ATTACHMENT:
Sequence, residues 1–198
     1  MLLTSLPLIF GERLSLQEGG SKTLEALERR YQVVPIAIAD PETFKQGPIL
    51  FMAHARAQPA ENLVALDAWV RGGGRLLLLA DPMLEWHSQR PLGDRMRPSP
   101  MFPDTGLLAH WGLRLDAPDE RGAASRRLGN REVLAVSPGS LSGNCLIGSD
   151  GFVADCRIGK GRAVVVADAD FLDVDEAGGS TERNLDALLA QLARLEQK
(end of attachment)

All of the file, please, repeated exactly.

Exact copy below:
Sequence, residues 1–198
     1  MLLTSLPLIF GERLSLQEGG SKTLEALERR YQVVPIAIAD PETFKQGPIL
    51  FMAHARAQPA ENLVALDAWV RGGGRLLLLA DPMLEWHSQR PLGDRMRPSP
   101  MFPDTGLLAH WGLRLDAPDE RGAASRRLGN REVLAVSPGS LSGNCLIGSD
   151  GFVADCRIGK GRAVVVADAD FLDVDEAGGS TERNLDALLA QLARLEQK